of WO3 and Cr2O3 mixture shown in Fig. 1c, indicating that 900 1C may be the proper temperature to react WO3 with Cr2O3 under solid state reaction condition. When calcining these mixtures at 800 1C and 950 1C, corresponding XRD patterns in Fig. 1a further confirm the Cr2WO6 is not able to crystallize until the heating temperature is increased to 950 1C for 20 h, presenting high activation energy is needed in the conventional solid state reaction process. Fig. 2a shows the good dispersity and uniformity of Hproduct Cr2O3 with an average size of 10 nm (inset image in Fig. 2a). This is further confirmed by the TEM and HRTEM results in Fig. 2d, in which the crystal lattice are determined to be (110) crystal plane of rhombohedral Cr2O3 (JCPDS Card No. 70-3765). Fig. 2b displays the HS-product Cr2WO6 morphology with increased particle size of 50 nm. The TEM and HRTEM images in Fig. 2e further identify the crystal lattice of (110)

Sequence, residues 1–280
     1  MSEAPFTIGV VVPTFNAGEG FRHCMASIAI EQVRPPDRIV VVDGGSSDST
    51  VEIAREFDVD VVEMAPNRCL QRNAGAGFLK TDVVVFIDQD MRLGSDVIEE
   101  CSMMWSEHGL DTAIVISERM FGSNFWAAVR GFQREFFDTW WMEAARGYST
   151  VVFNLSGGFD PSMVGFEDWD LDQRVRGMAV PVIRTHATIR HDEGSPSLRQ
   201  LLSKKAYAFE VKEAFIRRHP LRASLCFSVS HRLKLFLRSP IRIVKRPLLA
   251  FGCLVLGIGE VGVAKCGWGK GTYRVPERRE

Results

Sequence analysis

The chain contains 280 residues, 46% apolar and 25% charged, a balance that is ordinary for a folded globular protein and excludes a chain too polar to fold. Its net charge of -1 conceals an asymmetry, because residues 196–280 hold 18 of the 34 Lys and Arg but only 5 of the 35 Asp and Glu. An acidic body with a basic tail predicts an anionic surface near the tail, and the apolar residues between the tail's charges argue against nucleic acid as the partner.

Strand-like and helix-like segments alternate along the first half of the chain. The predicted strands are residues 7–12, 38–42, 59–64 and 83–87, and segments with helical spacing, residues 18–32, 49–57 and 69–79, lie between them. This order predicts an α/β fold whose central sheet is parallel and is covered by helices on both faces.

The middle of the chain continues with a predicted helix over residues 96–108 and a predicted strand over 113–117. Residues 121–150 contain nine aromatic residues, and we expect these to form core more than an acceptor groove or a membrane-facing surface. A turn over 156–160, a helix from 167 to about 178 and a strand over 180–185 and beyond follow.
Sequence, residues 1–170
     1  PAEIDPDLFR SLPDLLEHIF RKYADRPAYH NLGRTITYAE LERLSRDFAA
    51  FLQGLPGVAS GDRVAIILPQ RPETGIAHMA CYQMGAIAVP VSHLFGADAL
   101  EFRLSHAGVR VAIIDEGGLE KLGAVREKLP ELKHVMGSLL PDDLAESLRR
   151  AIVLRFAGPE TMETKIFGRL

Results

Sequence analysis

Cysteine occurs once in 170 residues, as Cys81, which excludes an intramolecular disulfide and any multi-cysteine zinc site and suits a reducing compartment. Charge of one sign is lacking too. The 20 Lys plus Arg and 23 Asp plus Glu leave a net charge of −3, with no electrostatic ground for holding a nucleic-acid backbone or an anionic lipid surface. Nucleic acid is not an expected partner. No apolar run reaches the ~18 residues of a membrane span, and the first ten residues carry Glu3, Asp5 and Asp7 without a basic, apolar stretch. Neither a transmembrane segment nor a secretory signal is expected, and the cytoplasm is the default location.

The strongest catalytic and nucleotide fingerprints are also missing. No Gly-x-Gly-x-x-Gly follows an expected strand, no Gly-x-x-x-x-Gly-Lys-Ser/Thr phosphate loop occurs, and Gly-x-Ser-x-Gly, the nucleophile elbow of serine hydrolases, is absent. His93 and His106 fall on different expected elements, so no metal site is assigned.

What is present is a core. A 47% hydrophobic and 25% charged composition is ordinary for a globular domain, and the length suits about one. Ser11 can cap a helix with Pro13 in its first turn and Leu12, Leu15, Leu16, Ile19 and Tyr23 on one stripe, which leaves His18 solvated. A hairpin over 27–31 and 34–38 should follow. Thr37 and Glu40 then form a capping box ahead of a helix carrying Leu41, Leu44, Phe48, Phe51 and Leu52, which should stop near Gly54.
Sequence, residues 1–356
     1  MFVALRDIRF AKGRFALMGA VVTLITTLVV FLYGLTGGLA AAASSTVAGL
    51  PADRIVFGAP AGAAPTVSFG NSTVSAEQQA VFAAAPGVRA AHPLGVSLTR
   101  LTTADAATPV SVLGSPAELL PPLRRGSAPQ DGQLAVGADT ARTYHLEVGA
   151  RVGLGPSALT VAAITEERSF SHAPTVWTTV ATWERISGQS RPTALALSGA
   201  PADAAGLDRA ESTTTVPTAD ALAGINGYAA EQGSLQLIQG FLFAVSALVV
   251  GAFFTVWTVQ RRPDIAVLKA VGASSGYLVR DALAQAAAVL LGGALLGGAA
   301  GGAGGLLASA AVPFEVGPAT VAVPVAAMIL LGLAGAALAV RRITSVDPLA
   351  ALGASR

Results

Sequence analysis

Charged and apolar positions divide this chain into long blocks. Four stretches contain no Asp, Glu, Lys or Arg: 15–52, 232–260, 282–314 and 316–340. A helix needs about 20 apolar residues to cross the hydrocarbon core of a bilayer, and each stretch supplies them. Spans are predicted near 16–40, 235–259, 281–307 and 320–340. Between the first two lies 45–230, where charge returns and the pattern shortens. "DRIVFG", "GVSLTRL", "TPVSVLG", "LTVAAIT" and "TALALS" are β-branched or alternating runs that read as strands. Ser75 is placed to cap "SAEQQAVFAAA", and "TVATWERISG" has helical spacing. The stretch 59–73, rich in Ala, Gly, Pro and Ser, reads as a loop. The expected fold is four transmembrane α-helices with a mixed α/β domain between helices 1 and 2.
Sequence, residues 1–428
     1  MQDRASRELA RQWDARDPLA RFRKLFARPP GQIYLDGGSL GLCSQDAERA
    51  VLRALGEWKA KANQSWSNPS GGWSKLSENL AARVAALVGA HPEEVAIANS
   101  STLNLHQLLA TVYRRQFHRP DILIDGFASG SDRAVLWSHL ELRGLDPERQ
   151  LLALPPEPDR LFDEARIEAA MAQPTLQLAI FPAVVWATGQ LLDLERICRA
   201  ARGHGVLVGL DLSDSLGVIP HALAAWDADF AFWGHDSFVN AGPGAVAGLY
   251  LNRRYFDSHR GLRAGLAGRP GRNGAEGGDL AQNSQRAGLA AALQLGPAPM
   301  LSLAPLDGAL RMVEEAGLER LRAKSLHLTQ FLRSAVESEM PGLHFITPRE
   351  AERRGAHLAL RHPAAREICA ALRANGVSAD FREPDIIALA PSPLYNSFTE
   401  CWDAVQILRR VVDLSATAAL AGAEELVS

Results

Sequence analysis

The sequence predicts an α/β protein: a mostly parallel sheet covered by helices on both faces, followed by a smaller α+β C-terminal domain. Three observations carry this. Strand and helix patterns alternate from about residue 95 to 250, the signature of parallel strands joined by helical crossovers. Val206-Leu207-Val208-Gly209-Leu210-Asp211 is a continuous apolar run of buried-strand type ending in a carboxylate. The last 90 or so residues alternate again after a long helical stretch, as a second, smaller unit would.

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plane of tetragonal Cr2WO6 (JCPDS Card No. 35-0791) structures, which being in good accordance with the XRD results. By combining the above results together, it is revealed that using hydrothermal assisted method could successfully obtain Cr2WO6 nanocrystallites. Compared with the HS-product, the Cr2WO6 crystallites synthesized by the solid state reaction (Fig. 2c) present a morphology of microscale bipyramid-like structure. In conclusion, the hydrothermal process providing an effective method to prepare Cr2WO6 nanocrystals. 3.2. Adsorption activities of Cr2WO6 nanocrystallites prepared by different processes Dyes are the major sources for textile, leather, food, and paper industries and dumping of these wastes is a major environmental concern [17]. Different adsorbents has been reported for the selective adsorption of cationic and anionic dyes based on the surface charge of the adsorbents and their electrostatic interactions with the dye molecules [18,19]. In our research, the as-prepared Cr2WO6 nanoparticles suspended in aqueous media develop a negative zeta potential value(39 mV), which suggests the as-prepared sample with highly negatively charged surface under experiment conditions [20]. To further evaluate the potential application